Mandate for Abe's quest to make Japan a military power

Mandate for Abe's quest to make Japan a military power

The Liberal Democratic Party of Prime Minister Shinzo Abe has governed Japan in one way or another for all but four of the past 61 years, a winning record that reflects the political inertia of a society that values stability and tradition.

But even by the standards of Japanese politics, Abe’s landslide victory in national elections Sunday was stunning. For the first time, voters gave the Liberal Democrats and their allies more than two-thirds of the seats in Parliament — a supermajority that could allow Abe to realise his long-held ambition of revising the clause in the constitution that renounces war and make Japan a military power capable of global leadership.

Opinion polls show only lacklustre support for Abe’s security agenda or even his programme to revitalise the Japanese economy, but the public appeared unwilling to take another chance on the opposition Democratic Party, which stumbled badly in its last, rare stint in power, most notably in its response to the 2011 earthquake and Fukushima nuclear disaster.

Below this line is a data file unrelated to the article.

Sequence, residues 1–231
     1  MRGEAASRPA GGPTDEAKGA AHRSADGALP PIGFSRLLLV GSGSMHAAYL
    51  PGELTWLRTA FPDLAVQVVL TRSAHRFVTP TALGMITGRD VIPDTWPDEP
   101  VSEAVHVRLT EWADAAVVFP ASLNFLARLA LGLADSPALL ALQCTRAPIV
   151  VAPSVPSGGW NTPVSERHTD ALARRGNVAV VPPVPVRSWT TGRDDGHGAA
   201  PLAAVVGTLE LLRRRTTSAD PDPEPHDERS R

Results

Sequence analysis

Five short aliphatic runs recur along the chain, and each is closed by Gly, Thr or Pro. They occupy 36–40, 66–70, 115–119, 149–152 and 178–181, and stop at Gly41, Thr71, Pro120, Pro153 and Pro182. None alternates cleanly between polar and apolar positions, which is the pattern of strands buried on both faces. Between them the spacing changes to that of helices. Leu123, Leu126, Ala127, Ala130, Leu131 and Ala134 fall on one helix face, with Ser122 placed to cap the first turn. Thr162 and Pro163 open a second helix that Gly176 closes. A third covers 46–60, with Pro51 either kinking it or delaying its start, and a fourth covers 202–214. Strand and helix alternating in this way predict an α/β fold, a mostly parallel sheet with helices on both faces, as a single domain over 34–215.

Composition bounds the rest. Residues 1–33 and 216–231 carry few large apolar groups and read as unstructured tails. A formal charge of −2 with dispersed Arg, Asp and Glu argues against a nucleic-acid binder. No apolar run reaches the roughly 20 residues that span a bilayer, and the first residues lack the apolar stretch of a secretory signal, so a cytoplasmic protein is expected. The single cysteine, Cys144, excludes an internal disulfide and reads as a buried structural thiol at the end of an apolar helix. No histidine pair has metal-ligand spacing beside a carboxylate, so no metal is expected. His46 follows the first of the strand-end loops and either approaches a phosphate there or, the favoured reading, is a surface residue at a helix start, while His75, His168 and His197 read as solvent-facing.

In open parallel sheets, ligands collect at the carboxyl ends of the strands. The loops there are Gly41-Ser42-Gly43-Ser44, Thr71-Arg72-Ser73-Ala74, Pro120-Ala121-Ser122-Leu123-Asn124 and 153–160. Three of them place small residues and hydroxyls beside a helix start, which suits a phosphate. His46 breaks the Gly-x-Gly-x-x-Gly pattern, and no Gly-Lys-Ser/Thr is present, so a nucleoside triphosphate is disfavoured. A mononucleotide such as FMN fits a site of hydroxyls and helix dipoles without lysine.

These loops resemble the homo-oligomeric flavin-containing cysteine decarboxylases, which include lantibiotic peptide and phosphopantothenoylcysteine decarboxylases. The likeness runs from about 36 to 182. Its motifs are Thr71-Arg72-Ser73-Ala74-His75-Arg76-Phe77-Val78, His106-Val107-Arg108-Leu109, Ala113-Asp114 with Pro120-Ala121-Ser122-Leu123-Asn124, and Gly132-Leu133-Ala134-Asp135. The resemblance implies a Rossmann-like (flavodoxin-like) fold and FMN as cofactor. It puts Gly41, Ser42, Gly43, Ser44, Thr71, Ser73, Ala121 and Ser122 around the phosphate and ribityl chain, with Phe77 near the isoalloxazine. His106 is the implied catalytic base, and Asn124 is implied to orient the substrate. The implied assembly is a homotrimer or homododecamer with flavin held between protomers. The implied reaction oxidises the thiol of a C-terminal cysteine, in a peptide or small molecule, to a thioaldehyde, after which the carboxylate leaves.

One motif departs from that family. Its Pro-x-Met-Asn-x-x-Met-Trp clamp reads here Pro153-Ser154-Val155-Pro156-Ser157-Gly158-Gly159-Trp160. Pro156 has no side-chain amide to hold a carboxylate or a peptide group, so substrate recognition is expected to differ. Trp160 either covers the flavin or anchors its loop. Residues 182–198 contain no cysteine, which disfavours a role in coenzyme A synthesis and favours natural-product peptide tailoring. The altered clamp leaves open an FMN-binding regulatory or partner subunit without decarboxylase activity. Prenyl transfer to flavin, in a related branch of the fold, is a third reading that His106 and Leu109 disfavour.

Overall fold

The vote for stability at home, though, is likely to provoke unease across Asia, where memories of Japanese militarism in World War II endure and the prospect of a more assertive Japan will add to worries over China’s territorial ambitions and North Korea’s nuclear programme. In China, Xinhua, the state news agency, warned in a commentary on Monday that the election results “could pose a danger to Japan and regional stability.”

Experts say that Abe’s governing coalition will not be able to push through constitutional revisions immediately, given that some of the partners have differing opinions on what needs to be amended and how. For example, the Liberal Democrats’ main ally, a small Buddhist party, has said that it opposes changes to the clause that renounces war.

At a news conference Monday, Abe said that he intended to press for debate on constitutional revision, though he acknowledged that “it’s not so easy” and added, “I expect the discussion will be deepened.”

Abe’s party, in a draft proposal of a revised constitution, has also recommended amendments to the clause on freedom of speech and the press that could limit these rights in cases deemed dangerous to the public interest. Another proposal would expand emergency powers for the prime minister. Any revision would need to be approved by a majority in a public referendum.

But the party’s victory on Sunday appears to have less to do with its proposals and more to do with the disarray in the opposition Democratic Party. “The people’s distrust towards the Democratic Party is very high,” said Lully Miura, a lecturer on international politics at Tokyo University. “In 2009, the Democratic Party won the government, but they failed and failed and failed, and even once-supporters of the Democratic Party now distrust them.”